History of the Cheshire Point-to-Point
For those who would like to get a taste of Chester County color and tradition, a great place to start is at the Cheshire Point-to-Point Races.
Organized in 1946 by Mr. Stewart’s Cheshire Foxhounds, the history of the races is tied to the history of the hunt. Today’s race chairman is Jock Hannum, but it was his mother who was the driving force behind the Cheshire Point-to-Point and the Cheshire Hunt for decades.
Mr. Stewarts Cheshire Foxhounds was founded in 1912 by Plunket Stewart, the stepfather of Nancy Penn Smith Hannum, who made her joint master with him in 1945. In 1945, he appointed her Joint Master with him. In 1946, after the war, they started the races because it was fun. Back then, the event consisted of just three races: a ladies race, a heavyweight race and the open race for the Cheshire Bowl. This was a race people pointed to because the big prize in timber racing is to win the Maryland Hunt Cup and the Cheshire Bowl was the kind of course with the kind of fences that would help to get a horse ready.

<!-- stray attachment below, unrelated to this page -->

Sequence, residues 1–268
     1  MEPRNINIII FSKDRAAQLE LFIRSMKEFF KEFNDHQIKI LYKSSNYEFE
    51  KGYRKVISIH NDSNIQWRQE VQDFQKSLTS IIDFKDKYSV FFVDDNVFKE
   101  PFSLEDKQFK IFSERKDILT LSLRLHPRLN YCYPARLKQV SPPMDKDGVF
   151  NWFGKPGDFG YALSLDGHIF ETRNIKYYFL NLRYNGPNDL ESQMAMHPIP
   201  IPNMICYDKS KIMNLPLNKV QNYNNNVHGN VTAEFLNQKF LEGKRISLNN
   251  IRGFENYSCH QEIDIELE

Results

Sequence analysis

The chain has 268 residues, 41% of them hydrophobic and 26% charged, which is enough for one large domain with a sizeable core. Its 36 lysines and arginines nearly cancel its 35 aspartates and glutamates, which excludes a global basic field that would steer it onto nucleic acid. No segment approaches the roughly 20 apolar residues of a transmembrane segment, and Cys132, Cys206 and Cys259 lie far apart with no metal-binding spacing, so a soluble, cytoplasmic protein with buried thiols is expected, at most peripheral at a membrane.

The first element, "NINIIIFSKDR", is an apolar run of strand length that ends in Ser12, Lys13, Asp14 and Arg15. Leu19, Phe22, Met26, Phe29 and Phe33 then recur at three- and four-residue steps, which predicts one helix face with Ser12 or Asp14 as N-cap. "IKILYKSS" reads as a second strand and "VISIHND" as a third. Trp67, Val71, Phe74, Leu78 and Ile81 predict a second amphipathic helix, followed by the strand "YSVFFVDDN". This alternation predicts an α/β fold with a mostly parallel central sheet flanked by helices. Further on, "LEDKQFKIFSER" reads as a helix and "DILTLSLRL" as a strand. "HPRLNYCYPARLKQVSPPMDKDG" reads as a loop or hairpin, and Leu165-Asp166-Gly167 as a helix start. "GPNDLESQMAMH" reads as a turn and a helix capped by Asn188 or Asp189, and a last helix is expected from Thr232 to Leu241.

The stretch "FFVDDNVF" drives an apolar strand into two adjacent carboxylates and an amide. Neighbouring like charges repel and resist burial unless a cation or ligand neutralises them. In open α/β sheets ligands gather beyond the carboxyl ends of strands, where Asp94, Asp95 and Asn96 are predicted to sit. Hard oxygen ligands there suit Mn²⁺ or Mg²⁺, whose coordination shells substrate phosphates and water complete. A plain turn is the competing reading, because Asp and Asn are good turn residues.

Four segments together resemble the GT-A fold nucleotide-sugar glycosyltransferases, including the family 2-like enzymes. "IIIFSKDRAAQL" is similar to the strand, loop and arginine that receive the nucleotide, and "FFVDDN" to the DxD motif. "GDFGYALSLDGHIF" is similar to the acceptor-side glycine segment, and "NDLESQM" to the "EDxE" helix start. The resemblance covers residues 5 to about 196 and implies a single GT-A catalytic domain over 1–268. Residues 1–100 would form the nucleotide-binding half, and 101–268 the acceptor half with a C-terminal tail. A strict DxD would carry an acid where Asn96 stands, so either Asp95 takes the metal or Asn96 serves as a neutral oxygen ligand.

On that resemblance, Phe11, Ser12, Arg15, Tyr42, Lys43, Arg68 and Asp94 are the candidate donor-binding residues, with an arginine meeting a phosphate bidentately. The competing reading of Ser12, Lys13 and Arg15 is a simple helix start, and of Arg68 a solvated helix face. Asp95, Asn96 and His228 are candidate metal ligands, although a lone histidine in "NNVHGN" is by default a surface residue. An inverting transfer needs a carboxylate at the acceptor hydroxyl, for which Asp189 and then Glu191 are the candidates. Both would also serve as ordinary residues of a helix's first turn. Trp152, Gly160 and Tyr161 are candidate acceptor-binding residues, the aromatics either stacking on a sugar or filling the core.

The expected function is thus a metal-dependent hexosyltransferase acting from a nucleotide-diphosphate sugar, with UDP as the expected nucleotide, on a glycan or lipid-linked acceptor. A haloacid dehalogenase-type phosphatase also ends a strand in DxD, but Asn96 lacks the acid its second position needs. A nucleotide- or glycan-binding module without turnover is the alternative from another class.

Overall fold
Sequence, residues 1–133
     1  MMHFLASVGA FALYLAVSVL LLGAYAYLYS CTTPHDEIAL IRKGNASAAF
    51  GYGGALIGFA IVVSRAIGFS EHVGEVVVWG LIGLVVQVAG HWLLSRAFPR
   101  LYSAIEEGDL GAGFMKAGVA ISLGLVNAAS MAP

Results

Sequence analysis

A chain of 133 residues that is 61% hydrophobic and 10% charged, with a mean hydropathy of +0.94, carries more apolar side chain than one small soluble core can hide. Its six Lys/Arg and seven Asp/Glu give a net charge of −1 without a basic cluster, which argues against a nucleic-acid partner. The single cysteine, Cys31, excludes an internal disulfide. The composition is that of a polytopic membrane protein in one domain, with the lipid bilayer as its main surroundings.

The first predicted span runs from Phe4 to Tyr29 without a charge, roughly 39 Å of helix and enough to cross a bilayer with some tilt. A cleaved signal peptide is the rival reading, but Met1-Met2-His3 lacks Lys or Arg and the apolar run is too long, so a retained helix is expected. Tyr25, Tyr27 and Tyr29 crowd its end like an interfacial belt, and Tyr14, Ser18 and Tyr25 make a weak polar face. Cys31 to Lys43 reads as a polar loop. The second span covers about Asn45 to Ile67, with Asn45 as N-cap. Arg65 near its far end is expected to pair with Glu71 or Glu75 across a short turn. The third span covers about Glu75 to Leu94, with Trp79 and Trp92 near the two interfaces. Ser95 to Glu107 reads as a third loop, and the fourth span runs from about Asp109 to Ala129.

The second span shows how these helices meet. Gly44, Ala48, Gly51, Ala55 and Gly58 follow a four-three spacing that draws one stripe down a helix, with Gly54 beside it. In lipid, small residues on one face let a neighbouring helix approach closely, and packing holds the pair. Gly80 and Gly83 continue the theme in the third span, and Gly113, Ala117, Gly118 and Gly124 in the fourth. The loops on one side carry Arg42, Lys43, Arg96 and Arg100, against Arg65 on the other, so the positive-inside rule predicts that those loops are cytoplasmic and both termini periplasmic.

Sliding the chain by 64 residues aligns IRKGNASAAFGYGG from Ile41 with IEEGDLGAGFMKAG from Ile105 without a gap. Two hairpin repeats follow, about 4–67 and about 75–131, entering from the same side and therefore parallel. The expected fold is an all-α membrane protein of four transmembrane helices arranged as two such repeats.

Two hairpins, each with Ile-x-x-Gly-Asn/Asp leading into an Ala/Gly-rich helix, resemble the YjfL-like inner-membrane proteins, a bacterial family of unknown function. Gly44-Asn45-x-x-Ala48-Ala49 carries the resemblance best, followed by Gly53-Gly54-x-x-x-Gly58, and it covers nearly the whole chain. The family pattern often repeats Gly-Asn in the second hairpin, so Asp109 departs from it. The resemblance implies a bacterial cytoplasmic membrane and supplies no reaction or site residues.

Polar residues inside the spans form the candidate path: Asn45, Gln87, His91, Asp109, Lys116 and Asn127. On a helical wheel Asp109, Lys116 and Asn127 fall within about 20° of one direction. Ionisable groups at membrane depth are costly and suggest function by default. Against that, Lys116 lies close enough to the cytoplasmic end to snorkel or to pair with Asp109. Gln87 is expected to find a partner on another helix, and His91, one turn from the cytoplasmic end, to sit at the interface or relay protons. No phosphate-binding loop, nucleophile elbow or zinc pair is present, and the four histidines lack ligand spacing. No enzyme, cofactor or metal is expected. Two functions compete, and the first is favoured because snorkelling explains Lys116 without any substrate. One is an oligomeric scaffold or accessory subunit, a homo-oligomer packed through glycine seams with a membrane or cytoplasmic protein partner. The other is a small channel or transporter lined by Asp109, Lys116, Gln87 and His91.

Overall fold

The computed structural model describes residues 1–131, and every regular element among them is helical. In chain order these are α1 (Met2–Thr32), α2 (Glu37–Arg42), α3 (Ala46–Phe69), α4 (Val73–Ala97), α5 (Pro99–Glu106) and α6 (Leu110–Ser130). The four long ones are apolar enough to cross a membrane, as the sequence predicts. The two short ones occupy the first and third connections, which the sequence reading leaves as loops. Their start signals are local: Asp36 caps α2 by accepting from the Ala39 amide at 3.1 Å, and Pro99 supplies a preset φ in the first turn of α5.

Generating funds that go to the efforts and endeavors of land preservation, the races continue to be a major event today for the members of the Cheshire Hunt, as well as the entire community. Now featuring a total of eight races, the Cheshire Point-To-Point offers exciting racing as well as the opportunity to enjoy the beautiful countryside that has been preserved much as it was when the first races were held.
Each year, the Cheshire Point-to-Point races are held the last Sunday in March at the Plantation Field course, just off Route 82 outside Unionville. Gates open at 11 a.m. Post time for the first pony race is 12:30. In addition to two pony races, there are five races over fences and a flat race on the card. The admission fee for the races is by carload. Tickets are available in advance online or at the gate.